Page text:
High Blood Pressure
High Blood Pressure - The Silent Killer
Have you heard about the Silent Killer? You can joke responding that you have never watched that TV show, but let's get serious and face it, high blood pressure silently kills thousands of people every year due to the simple fact that this condition has no symptoms at all.
You have been told that symptoms of high blood pressure include headaches, dizziness and blurred vision. This is true for some individuals, although sometimes associated to other disease, before hypertension or developed due to hypertension, the medical term for high blood pressure.
Symptoms of high blood pressure appear when an individual has already developed this condition, including those noted above as many others of the commonly associated to hypertension, although more than symptoms, they are signs that individuals are suffering from uncontrolled high blood pressure.
Under medication, hypertension rarely presents any symptom either. However, the major concern is around elderly people who are more at risk to develop more diseases that younger individuals. The risk to develop high blood pressure also increases with age, as people are getting older.
During a study performed in the 1990s with around 5,300 participants, researchers found significant results from groups categorized in people younger than 60, a group of individuals between 60 to 79, and those age 80 and older. Blood pressure readings and symptoms of high blood pressure were analyzed.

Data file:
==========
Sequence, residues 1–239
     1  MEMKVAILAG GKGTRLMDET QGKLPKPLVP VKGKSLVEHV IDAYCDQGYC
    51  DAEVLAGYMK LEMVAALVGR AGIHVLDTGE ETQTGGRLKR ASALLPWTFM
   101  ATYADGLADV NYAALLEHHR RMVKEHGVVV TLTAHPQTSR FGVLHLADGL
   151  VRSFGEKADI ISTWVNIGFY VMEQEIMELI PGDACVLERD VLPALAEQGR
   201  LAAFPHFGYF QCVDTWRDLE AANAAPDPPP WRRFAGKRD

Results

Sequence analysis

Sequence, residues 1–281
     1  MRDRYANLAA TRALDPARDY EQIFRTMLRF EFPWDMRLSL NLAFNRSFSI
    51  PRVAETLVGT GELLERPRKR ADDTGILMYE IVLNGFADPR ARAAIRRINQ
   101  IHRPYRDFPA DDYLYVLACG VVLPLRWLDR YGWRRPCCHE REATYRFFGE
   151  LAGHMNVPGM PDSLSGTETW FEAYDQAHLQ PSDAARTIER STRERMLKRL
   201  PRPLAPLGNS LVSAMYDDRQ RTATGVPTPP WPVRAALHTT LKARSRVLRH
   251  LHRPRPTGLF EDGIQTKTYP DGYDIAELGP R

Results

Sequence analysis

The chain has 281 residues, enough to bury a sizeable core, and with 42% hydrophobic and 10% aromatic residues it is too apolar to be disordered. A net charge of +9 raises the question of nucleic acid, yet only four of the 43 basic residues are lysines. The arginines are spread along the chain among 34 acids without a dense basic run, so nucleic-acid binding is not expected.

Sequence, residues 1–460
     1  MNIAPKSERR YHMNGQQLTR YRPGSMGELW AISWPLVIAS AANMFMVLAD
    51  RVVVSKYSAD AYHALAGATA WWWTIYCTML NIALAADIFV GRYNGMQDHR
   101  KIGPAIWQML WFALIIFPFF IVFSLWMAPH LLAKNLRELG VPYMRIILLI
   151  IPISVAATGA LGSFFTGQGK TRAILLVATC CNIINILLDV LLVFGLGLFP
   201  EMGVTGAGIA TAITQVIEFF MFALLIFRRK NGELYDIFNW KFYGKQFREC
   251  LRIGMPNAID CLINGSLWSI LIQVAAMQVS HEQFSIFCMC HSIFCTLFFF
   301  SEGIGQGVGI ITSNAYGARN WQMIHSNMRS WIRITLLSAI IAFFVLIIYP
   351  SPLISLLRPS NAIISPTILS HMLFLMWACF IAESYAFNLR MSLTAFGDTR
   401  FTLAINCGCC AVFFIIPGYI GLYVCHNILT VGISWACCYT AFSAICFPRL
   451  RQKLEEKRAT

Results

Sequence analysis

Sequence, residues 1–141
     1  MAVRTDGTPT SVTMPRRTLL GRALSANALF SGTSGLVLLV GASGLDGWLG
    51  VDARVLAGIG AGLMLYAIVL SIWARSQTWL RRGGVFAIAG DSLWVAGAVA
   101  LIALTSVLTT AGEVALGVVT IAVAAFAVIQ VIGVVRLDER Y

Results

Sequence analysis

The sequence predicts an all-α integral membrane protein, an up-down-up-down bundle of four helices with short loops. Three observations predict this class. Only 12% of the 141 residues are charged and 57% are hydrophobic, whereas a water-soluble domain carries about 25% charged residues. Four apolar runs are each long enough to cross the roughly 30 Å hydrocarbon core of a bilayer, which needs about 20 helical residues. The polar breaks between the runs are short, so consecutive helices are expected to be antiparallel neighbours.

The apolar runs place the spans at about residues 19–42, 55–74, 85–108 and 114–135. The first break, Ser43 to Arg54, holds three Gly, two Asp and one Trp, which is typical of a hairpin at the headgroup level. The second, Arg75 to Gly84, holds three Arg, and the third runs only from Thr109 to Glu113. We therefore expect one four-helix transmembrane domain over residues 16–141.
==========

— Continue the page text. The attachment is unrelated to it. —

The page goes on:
People diagnosed with high blood pressure returned these results: the group younger than 60, 27%, individuals in the group 60-79, 63% and people 80 and older 74%. Considering those individuals with normal blood pressure, the proportion was inverse, younger than 60 were 39%, from 60 to 79, 14%, and only 7% of people 80 and older had normal blood pressure.
Some symptoms of high blood pressure were the result of medication used to control hypertension. It was estimated that 7 out of 10 people with high blood pressure were being treated, but some of them showed side effects. Among the people under hypertension treatment, 60% took only one blood pressure drug, 30% were using 2, and 10% used 3 or more.
Elderly Women 80 and older, particularly black women were in the group with high blood pressure out of control and experiencing more symptoms of high blood pressure due to the lack of treatment. Apart from them, 32% of all the participants got their hypertension under control, progressing from high blood pressure to normal levels.